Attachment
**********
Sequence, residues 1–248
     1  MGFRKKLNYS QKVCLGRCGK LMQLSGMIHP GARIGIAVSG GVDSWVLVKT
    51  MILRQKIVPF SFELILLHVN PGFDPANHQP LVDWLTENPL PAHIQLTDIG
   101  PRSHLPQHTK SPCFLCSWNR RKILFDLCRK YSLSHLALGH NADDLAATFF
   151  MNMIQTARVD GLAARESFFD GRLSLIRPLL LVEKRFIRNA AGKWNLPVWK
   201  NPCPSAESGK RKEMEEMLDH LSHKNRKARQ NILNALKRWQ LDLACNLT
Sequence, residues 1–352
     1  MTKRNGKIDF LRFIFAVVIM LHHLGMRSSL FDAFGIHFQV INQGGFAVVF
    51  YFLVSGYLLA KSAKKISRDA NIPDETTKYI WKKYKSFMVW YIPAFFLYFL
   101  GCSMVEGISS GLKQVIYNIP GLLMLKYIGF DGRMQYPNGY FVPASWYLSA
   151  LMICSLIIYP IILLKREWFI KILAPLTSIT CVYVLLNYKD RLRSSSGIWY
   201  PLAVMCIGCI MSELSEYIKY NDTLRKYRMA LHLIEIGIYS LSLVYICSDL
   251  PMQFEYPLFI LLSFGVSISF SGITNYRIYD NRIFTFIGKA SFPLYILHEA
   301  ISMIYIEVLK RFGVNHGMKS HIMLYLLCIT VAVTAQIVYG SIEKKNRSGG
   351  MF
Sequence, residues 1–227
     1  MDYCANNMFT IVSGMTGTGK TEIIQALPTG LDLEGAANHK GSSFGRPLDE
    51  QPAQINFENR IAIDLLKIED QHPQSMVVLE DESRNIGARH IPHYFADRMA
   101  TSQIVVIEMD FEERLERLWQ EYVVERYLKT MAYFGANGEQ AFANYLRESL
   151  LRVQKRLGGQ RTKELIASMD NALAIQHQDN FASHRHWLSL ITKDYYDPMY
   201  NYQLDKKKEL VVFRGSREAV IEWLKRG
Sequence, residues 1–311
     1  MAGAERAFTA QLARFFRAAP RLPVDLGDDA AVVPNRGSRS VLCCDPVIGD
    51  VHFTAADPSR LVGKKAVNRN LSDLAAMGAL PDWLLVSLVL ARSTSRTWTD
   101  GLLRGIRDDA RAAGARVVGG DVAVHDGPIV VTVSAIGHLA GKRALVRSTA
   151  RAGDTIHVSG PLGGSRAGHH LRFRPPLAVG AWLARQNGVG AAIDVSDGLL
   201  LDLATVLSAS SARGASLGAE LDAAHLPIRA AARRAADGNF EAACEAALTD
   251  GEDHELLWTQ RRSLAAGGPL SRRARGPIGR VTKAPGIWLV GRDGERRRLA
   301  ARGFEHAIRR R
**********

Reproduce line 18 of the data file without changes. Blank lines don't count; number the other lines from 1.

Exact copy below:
    51  QPAQINFENR IAIDLLKIED QHPQSMVVLE DESRNIGARH IPHYFADRMA